In an inconspicuous shipping container down by Heimaey’s harbour in Vestmannaeyjar, Einar Sigurður Einarsson conducts his work. Step inside the metal box and you are transported to a high-tech world of LED lights and trays upon trays of tiny plants. You’ll hear of Einar referred to as a ‘dealer’ in restaurant kitchens all over Heimaey, and while his workspace does give off some Breaking Bad vibes, what Einar does is completely legal—although perhaps unusual. Einar grows microgreens.
But what even is a ‘microgreen?’ “It’s just the first two leaves of a plant,” Einar explains succinctly. “The seeds have all the energy ready for the plant, and they put it into this first stage. All the minerals and vitamins are in there.”
It turns out that almost any edible plant or herb can be a microgreen. Dill, cress, coriander, mustard, basil—Einar grows them all, and supplies restaurants across the south of Iceland with trays of living greens to use for their dishes. “Restaurants always want tiny things,” he says. “Tiny salads, tiny carrots. It’s an aesthetic.”
But microgreens are more than just a pretty garnish. “You only need to eat 400 grams of microgreens compared with one kilo of broccoli to get the same level of nutrition,” says Einar.
He started out in this unique trade because of a friend, the late actor Stefán Karl Stefánsson. “I always say he’s the father of microgreens in Iceland,” Einar says. “When moved back home from the USA, he didn’t bring clothes in his bags, just microgreen seeds. He’d seen these types of plants in America and started to do some experiments with them, which led to the first microgreens company here.”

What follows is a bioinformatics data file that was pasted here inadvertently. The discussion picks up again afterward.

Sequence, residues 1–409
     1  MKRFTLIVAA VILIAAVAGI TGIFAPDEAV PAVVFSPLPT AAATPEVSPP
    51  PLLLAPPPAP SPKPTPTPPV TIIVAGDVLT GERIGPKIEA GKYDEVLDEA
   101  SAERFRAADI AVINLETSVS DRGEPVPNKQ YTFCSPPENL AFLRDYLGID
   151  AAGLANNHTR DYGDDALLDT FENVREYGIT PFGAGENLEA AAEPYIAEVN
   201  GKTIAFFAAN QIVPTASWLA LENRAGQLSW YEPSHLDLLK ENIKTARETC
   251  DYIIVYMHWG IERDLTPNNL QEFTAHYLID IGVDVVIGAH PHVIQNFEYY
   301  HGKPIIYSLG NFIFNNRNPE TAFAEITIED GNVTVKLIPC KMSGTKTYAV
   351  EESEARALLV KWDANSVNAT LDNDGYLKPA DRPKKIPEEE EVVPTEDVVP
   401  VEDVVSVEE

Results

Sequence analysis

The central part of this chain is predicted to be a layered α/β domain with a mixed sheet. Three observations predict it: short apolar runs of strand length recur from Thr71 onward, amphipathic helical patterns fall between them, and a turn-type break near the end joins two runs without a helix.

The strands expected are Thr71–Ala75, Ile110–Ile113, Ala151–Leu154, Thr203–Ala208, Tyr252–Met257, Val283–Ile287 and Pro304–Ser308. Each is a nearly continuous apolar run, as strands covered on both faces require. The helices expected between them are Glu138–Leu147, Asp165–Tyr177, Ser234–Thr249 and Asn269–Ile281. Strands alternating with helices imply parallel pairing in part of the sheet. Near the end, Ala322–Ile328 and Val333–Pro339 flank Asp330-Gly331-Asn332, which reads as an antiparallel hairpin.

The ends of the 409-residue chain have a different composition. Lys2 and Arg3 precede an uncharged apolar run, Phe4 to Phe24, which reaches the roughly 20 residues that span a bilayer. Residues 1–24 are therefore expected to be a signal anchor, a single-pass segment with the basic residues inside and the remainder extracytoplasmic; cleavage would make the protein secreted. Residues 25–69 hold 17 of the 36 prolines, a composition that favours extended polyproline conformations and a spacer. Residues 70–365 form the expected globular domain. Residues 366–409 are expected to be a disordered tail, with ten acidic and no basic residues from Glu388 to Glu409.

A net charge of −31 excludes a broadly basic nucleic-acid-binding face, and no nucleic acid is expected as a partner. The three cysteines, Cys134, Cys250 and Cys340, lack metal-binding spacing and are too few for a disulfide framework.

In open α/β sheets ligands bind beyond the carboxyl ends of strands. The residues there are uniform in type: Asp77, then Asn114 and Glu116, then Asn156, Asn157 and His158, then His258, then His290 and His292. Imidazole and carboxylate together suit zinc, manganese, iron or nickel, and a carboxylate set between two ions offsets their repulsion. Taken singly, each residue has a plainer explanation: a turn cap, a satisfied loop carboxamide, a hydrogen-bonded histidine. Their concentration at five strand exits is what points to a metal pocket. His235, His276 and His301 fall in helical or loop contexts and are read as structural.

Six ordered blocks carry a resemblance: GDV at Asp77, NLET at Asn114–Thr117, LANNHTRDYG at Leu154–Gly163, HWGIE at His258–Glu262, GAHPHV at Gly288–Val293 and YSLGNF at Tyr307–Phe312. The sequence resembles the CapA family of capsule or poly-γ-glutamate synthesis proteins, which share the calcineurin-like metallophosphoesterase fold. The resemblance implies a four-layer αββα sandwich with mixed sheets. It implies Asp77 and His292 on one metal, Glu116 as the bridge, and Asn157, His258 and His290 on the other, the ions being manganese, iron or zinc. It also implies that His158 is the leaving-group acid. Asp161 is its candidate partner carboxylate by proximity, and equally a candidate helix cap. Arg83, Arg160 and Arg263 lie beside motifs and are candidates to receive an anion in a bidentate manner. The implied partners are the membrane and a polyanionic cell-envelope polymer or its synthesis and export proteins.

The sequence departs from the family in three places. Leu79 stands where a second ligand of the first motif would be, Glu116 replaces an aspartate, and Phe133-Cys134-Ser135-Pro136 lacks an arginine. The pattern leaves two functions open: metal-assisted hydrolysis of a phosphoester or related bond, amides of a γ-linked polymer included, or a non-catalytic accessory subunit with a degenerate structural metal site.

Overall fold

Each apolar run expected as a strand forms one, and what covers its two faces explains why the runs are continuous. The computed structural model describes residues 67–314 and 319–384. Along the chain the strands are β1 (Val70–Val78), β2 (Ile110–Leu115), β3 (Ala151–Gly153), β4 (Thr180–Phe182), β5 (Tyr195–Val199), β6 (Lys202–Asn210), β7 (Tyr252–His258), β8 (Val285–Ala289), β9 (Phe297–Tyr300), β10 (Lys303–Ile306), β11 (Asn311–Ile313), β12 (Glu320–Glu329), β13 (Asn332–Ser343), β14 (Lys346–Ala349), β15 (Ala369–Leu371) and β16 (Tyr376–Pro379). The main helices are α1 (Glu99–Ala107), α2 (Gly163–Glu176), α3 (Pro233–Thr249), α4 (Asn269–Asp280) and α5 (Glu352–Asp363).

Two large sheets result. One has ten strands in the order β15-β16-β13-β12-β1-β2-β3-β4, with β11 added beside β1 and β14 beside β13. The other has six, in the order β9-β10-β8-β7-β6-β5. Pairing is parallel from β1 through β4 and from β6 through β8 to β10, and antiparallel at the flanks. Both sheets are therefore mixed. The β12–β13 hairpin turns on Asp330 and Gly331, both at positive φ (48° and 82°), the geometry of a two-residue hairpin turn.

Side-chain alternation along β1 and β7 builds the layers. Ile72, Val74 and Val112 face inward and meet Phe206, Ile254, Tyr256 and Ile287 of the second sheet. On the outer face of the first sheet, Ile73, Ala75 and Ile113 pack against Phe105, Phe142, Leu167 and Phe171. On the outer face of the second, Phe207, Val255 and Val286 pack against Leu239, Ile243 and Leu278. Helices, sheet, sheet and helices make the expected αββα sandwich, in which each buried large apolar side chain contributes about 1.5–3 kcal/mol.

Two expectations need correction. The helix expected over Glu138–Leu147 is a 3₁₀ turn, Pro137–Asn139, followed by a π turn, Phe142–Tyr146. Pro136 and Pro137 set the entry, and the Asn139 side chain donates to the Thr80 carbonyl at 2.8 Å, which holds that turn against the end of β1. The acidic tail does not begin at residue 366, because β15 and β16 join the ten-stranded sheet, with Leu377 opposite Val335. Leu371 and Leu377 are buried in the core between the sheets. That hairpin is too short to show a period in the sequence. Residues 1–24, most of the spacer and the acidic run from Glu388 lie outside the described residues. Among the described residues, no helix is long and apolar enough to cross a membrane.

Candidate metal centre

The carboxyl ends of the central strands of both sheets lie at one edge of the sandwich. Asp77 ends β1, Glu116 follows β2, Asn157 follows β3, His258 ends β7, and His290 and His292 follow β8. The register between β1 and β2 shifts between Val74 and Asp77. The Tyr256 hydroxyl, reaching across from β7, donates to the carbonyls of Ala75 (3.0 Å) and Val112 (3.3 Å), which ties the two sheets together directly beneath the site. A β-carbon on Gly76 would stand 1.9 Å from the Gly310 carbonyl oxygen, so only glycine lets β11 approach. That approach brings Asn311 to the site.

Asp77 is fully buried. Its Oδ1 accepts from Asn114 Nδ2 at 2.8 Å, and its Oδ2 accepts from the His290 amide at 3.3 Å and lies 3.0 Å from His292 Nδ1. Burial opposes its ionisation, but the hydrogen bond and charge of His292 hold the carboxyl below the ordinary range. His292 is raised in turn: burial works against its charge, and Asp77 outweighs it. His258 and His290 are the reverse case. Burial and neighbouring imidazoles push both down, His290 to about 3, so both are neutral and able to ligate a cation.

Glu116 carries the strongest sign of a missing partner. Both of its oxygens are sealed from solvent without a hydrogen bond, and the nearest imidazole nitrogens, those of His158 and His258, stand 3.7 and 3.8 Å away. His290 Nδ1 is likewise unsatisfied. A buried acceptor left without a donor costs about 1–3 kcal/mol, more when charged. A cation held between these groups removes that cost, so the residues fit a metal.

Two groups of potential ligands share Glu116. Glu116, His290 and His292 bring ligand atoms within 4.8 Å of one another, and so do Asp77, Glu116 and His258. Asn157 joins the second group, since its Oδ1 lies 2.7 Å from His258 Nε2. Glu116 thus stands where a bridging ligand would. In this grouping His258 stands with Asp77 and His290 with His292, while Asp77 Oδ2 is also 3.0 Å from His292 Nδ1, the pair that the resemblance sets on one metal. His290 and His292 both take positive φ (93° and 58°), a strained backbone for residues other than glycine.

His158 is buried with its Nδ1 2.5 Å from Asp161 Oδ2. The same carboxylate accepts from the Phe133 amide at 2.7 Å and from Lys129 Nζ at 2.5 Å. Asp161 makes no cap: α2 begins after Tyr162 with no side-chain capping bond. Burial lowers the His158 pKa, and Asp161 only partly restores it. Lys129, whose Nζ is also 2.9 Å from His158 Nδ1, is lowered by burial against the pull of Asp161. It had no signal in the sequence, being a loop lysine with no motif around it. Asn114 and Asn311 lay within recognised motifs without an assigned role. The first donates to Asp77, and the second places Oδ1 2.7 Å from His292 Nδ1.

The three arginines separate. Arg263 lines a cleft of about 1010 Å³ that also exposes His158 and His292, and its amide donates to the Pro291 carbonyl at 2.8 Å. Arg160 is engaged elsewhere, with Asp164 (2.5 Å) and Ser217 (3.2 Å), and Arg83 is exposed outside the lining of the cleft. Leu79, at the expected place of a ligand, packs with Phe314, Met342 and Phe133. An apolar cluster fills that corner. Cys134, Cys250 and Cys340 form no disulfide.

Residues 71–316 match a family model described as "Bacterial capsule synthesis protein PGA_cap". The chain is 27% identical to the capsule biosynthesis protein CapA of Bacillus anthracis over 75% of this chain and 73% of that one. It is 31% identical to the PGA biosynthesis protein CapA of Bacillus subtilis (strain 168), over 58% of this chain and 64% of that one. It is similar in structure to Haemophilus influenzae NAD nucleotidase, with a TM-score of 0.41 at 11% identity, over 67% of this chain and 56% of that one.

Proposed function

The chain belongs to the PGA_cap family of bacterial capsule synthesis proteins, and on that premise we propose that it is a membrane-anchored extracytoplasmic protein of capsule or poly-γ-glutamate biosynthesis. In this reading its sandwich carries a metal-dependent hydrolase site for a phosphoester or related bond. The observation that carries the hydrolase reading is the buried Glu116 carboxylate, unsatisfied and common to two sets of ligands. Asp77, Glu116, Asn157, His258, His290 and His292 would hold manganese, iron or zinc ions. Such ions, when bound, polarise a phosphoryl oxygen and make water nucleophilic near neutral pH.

Stefán sadly died of cancer in 2018. A picture of him hangs in Einar’s grow lab, looking over the plants and the work Einar is continuing. “We’re trying to keep his ideas and visions alive,” Einar tells me.
Einar and his wife and Aldingróður business partner, Ingunn Þóra Einarsdóttir, aren’t Vestmannaeyjar natives, only moving to Heimaey four years ago. While they are happily settled, they do agree their location presents challenges.
“We didn’t know anyone when we first came here,” Einar says. “I always say we had just one plan, and that’s no plan,” he adds with a grin.
Ingunn jumps in to provide some correction: “We lived in Kopavogur, and we wanted to move away from all the traffic,” she clarifies.
“We were looking at Hveragerdi or Selfoss or Borganes, somewhere maybe one or two hours away from Reykjavik,” Einar continues.
“But we were also talking about Denmark, because I had been working there a lot as a gardener, so I was trying to get the family there. But I always say we went to the middle. Between Iceland and Denmark: Vestmannaeyjar.”
Once a week, Einar loads up his van with trays of fresh microgreens and takes the early morning ferry to the mainland, where he spends the whole day driving between different customers. “It’s not a complicated process to make microgreens,” he says. “But if you are going to have every tray perfectly ready at the right time every week—that’s a little more tricky.”
Despite managing this difficult balancing act, Einar sees growing microgreens—or anything for that matter—as being a beneficial process. “Microgreens take such a short time, it’s really nice,” he says. “It’s such a soul-friendly thing to do, and it’s so good for your wellbeing to have plants around.”
The Islanders is our series where we interview interesting people in Iceland about their unique lives. Know someone we should speak to? Email firstname.lastname@example.org
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